As we wind down after Christmas, our thoughts turn to this year’s conference which will be held at the University of Kent in Canterbury, 15th – 17th April 2011. Please remember that this is the weekend before Easter. We will be based in three blocks, all near to one another. One will house standard accommodation, one en-suite accommodation and the third will house all our weekend activities, including meals, workshops, talks, library, exhibitions and suppliers.
It promises to be an exciting event, with workshop tutorials covering a wide range of subject areas. Bonnie Mackintosh will be exploring the use of silver foil with craft punches, suitable for all abilities; Joy Funnell will be introducing a new technique she has developed with Art Clay silver which lends itself to the use of enamel; Sheila McDonald will be using textiles as a source of inspiration for introducing layering and texturing to enamel; Phil Barnes and Harry Forster-Stringer will be running a joint engraving workshop, using both Gravermax and traditional hand techniques, suitable for those who have a basic knowledge of engraving; Carol Griffin will be creating enamelled pieces for the garden using copper shim in a 3 dimensional way; Tamar de Vries Winter will be using photographic transfers to print on enamel. Further details of all these workshops are included in this journal, and please remember to book early as they fill up very quickly!
The weekend will kick off with a fun session of Art Attack, with art teacher/jeweller Lizzie Howe, who will show us how to use coloured acetates to construct a unique kaleidoscope. After dinner and the AGM, Phil Barnes has promised to entertain us with a short talk about his work. On Saturday we will be busy with our workshops for most of the day with an opportunity for feedback before dinner. In the evening, Jinks McGrath will be giving a talk entitled “Jewellery Travels” about her teaching abroad. On Sunday, the Awards ceremony will be followed by a Master Class with Fred Rich entitled “still soldering on”, where he will share his secrets about how he produces his amazing cloisonné pieces.
You will have the opportunity to purchase materials and equipment from a wide range of suppliers, including enamels from WG Ball, Thompsons and Vitrum Signum, tools and equipment from Walsh’s and Art Clay from Joy and Glyn. Most suppliers will be happy to bring pre-ordered items to conference for you to collect, thereby saving postage costs – don’t forget to order in plenty of time. The Guild’s own DVDs and videos will be available to purchase, and the library with its extensive collection of books and DVDs will be there for you to browse and borrow.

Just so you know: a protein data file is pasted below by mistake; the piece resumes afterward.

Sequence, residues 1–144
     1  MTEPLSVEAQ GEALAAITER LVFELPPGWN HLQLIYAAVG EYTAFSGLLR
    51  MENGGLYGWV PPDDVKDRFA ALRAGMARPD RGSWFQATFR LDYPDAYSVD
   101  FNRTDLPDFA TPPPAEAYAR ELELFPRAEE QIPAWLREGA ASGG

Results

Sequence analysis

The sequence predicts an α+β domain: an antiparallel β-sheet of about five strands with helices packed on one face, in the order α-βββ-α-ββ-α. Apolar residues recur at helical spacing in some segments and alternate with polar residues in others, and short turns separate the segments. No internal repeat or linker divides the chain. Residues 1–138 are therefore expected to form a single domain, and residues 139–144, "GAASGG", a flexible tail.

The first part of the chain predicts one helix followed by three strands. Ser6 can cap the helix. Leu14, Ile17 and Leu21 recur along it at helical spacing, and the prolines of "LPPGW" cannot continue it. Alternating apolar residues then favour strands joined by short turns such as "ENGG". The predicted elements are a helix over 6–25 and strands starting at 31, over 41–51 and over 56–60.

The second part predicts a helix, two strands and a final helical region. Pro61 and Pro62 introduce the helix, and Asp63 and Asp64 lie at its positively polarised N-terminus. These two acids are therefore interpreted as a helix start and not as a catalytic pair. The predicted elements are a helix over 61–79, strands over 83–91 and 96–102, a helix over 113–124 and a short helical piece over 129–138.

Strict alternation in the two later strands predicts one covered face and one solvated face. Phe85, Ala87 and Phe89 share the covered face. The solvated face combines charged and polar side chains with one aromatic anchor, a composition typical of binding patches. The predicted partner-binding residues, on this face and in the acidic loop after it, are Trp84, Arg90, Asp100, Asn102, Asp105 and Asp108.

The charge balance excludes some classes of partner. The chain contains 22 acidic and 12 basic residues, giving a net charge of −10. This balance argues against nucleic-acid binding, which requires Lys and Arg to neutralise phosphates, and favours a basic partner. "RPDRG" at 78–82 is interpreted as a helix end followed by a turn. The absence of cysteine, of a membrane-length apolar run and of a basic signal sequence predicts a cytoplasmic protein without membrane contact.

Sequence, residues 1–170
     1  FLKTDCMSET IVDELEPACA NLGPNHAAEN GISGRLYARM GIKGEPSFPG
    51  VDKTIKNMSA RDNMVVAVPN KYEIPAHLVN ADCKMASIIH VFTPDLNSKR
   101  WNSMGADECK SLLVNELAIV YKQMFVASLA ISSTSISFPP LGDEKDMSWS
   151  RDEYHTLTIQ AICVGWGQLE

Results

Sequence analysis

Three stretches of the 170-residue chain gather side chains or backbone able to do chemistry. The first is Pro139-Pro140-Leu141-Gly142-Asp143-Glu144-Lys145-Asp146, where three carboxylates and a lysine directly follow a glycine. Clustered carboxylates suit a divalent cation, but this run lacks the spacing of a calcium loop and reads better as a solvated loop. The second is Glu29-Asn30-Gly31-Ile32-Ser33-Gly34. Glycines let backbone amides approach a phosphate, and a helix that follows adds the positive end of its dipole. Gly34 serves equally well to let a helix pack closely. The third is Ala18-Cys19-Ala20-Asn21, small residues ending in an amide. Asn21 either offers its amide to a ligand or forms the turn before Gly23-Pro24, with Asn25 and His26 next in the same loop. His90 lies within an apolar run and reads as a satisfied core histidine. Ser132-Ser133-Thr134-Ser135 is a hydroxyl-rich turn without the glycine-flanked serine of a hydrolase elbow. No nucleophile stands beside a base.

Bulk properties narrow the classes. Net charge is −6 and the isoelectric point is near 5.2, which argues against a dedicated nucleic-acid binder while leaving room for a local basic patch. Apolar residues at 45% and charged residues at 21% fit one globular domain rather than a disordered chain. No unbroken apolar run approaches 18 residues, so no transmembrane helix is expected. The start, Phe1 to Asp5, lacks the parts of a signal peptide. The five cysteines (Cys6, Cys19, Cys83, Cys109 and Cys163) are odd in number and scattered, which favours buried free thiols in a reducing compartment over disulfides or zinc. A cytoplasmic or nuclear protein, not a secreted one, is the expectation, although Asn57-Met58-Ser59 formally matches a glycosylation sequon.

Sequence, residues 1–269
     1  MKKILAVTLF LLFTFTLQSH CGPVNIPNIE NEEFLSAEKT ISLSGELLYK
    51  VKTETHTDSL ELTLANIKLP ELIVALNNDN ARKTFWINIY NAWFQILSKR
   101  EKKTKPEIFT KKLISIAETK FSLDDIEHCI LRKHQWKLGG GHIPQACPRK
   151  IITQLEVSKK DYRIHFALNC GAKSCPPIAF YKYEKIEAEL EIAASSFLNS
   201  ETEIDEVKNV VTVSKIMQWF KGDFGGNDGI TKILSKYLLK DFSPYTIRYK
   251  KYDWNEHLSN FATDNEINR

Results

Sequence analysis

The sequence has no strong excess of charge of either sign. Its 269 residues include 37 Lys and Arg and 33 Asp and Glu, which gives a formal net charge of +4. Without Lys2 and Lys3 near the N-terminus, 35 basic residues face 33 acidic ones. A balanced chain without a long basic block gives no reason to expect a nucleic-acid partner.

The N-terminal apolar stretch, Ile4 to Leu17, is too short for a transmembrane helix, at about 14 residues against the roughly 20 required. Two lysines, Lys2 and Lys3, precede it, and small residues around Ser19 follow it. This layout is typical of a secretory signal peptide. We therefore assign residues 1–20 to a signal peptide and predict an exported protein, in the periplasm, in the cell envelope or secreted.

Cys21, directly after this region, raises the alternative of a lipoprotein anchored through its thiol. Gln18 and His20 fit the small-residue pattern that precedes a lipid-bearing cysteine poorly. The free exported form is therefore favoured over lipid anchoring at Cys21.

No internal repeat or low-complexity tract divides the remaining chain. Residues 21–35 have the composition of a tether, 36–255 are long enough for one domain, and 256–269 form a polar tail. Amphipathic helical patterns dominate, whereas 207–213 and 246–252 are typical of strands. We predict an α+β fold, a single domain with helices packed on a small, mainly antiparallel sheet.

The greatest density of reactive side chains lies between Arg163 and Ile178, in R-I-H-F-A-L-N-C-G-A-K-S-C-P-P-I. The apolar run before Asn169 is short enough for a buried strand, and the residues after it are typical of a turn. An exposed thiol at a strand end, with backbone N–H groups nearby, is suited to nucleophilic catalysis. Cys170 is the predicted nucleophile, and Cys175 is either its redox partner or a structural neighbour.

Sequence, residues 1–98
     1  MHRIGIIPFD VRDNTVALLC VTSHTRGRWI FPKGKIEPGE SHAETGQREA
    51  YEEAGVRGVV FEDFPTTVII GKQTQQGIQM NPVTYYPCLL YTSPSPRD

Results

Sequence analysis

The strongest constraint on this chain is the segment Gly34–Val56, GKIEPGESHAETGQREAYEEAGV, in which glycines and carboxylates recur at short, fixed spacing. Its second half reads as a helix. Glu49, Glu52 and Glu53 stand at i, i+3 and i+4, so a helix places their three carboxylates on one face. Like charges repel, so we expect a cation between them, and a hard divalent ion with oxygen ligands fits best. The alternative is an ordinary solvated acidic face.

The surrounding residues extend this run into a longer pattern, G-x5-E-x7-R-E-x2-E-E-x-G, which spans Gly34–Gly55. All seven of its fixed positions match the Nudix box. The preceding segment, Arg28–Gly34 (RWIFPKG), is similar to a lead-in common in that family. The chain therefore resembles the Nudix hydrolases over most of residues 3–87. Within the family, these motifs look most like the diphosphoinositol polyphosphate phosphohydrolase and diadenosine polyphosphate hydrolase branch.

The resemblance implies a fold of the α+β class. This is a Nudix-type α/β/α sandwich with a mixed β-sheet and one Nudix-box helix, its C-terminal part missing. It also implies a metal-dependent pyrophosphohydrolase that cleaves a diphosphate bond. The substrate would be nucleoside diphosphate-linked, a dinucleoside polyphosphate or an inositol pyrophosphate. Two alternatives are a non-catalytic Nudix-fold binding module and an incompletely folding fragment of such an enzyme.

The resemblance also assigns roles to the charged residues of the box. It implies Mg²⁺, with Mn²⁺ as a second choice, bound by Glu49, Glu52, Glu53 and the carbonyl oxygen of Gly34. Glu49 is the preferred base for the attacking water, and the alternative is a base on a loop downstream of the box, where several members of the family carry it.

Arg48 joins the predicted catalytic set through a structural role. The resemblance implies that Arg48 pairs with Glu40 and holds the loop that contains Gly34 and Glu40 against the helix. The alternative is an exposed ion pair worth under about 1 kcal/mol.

One of my personal favourite activities at conference is the exhibition, which is open throughout the weekend. All members are warmly encouraged to participate, and I always find the great range of techniques and ideas truly inspirational. Please don’t be shy, and do bring something along, even if you are a complete novice! This year’s themed exhibition is “Tea” (or “T”!) so I look forward to viewing your interpretations! I would also like to encourage those of you who have not already done so, to consider submitting your work for selection. It’s a great opportunity to have your work assessed by expert craftsmen and can be a real help in focussing your efforts. Although daunting, I found the experience very rewarding, and the selection team were very supportive throughout Mary Ford (selection secretary) has included information about the process in this journal.
I have found this a very busy time now I have embarked upon my final year of teacher training. It has been challenging to produce 2000 word assignments when the most written work I normally manage amounts to the weekly shopping list (come to think of it, with four hungry kids, husband and dog, even that can seem like a dissertation these days!). But I bravely struggle on, and hope to become fully qualified this summer. Meanwhile, my classes at adult education centres and at a retirement home are thriving, and it is good to know that I will be more adept at passing on the knowledge and skills of my craft. I have also enjoyed visiting some of our regions. In September, I took a trip to the Region 4 meeting in Shrewsbury, and was treated to a talk given by our Kathleen Kay about how she combines mixed media with enamel. It was great to see Kath in action, and lovely to meet up with the regional members.
In October, I braved the journey north, and enjoyed the hospitality of Regions 1 & 2 at their Edinburgh weekend, where Raymond Jackson disclosed the secrets of simultaneously etching and plating copper. Dorothy’s evening meal was attended by over twenty members, and her pasta was delicious!
I have been struck by how friendly and welcoming our guild is, and would encourage you all to try the occasional workshop at a different region. Regional activities are listed towards the back of each journal, and I can guarantee that you will enjoy meeting with like-minded, friendly members. My thanks go to all members of regions 1, 2 and 4 and I look forward to more visiting in the New Year! All the best and happy enamelling,
I'd like to encourage all members to consider submitting work for the forthcoming Ravenstein exhibition in Holland. This is a unique opportunity to show your talents, and I'd like to thank all those involved in the organisation of this event, particularly Tilly Wilkinson, Lynne Glazzard, Lesley Miller and Ellen Goldman. Further details are included in this journal.